OMV aims to boost Yemen output if conditions allow -exec

National Yemen

Vacancies with OMV -Yemen

By Stanley Carvalho

ABU DHABI, Jan 13 (Reuters) – Austrian energy group OMV and its partners aim to boost oil output from Yemen by 50 percent if conditions allow, a senior executive told Reuters on Tuesday.

Erwin Kroell, senior vice president for the Middle East and Caspian, said plans to raise production to 30,000 barrels per day from 20,000 on average now hinged on putting in place security measures to protect assets and people.

“Higher production depends on the security situation and oil prices playing a role,” he told Reuters on the sidelines of an industry conference.

An OMV spokesman in Vienna said Kroell was referring to the theoretical potential output at the Yemen field, in which OMV has a 30 percent stake. Boosting output by half would give OMV 11,000 barrels per day, up from 7,000 now, but this was unrealistic at present, the spokesman added.

OMV’s Middle East region operates in Yemen, Pakistan, Iraqi Kurdistan and the United Arab Emirates.

In Pakistan, OMV’s gas production through a subsidiary is 60,000 barrels of oil equivalent per day. If current exploration efforts succeed it plans to expand output, Kroell said.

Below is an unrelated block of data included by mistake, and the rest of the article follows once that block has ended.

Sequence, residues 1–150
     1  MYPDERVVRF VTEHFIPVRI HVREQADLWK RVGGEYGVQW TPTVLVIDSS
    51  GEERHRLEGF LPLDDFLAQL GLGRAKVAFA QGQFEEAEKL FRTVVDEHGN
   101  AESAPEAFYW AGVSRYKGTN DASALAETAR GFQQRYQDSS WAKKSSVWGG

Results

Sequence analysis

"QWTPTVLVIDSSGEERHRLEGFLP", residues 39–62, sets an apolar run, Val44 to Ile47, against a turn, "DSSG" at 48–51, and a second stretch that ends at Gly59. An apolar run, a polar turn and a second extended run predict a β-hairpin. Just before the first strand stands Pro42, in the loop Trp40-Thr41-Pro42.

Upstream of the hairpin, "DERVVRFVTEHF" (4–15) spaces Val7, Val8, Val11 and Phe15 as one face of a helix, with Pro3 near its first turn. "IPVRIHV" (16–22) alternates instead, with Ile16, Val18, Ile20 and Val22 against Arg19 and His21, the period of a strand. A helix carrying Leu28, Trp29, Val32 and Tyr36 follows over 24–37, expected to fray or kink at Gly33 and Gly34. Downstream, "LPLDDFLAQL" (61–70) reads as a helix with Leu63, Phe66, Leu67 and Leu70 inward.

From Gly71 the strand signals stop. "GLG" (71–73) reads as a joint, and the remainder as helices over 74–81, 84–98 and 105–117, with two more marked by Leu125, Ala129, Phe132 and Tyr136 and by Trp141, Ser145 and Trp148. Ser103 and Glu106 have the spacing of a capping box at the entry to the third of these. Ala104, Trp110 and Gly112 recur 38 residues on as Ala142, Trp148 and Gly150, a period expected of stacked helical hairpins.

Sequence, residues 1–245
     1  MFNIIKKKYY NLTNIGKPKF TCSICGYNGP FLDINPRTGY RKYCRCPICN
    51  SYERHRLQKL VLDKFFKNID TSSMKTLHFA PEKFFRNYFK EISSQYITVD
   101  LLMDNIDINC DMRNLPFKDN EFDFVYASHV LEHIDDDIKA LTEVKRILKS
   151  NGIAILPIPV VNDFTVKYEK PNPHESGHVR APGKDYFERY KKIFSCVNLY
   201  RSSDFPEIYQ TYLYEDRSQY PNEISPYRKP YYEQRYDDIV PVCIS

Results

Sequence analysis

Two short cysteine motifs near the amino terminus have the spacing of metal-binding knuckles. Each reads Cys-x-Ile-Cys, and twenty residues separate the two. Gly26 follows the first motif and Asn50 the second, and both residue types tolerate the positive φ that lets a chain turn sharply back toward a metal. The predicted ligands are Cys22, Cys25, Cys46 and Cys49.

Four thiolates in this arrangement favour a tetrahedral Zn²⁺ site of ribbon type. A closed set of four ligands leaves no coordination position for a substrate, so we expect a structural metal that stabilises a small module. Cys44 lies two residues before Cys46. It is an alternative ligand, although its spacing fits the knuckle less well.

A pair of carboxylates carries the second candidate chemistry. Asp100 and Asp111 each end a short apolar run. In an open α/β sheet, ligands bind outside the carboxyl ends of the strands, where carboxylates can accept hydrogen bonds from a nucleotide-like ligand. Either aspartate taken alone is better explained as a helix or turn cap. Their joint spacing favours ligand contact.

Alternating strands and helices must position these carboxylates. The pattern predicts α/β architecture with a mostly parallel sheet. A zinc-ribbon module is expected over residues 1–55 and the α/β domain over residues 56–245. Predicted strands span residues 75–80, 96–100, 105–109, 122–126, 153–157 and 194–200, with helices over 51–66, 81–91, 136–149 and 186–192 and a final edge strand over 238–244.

He said OMV, like others in the industry, was keeping tight controls on spending given low oil prices.

OMV’s Romanian arm Petrom and its partner Exxon Mobil are investigating a large gas find in the Black Sea whose exact volume will be known once an appraisal programme wraps up in a year or two, Kroell said.

“We don’t know the final volumes because we must know how much excess gas will be available, how much will be consumed in the rest of the markets. We don’t have answers to those questions yet and there are too many scenarios,” he said.

He said the cancellation of the proposed South Stream and Nabucco gas pipelines had no impact on OMV. “So many pipelines everywhere have not materialised. Ten years from now there will be a pipeline,” he said.

He said OMV’s decision to launch a new downstream division, integrating the gas and power divisions into Refining and Marketing, would not entail big changes. “If we had three divisions, now it is two. Overall not much (will) change and we will try to materialise the synergies that we have.” (Additional reporting by Alexandra Schwarz-Goerlich, Writing by Michael Shields, editing by David Evans)